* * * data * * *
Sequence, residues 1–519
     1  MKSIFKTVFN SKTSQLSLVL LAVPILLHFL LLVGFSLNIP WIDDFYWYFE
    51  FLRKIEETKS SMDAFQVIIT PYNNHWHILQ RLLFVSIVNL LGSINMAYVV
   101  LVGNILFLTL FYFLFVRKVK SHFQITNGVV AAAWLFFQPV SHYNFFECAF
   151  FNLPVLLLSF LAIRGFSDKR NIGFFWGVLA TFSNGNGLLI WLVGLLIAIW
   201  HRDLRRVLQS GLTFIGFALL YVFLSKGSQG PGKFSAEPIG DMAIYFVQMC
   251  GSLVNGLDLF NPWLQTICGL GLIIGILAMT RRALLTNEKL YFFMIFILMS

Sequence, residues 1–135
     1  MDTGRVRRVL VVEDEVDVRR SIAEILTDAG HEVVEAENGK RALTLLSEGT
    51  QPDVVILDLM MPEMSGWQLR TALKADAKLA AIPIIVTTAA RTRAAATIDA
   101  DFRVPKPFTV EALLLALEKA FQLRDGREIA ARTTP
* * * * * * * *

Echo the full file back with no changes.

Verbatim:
Sequence, residues 1–519
     1  MKSIFKTVFN SKTSQLSLVL LAVPILLHFL LLVGFSLNIP WIDDFYWYFE
    51  FLRKIEETKS SMDAFQVIIT PYNNHWHILQ RLLFVSIVNL LGSINMAYVV
   101  LVGNILFLTL FYFLFVRKVK SHFQITNGVV AAAWLFFQPV SHYNFFECAF
   151  FNLPVLLLSF LAIRGFSDKR NIGFFWGVLA TFSNGNGLLI WLVGLLIAIW
   201  HRDLRRVLQS GLTFIGFALL YVFLSKGSQG PGKFSAEPIG DMAIYFVQMC
   251  GSLVNGLDLF NPWLQTICGL GLIIGILAMT RRALLTNEKL YFFMIFILMS

Sequence, residues 1–135
     1  MDTGRVRRVL VVEDEVDVRR SIAEILTDAG HEVVEAENGK RALTLLSEGT
    51  QPDVVILDLM MPEMSGWQLR TALKADAKLA AIPIIVTTAA RTRAAATIDA
   101  DFRVPKPFTV EALLLALEKA FQLRDGREIA ARTTP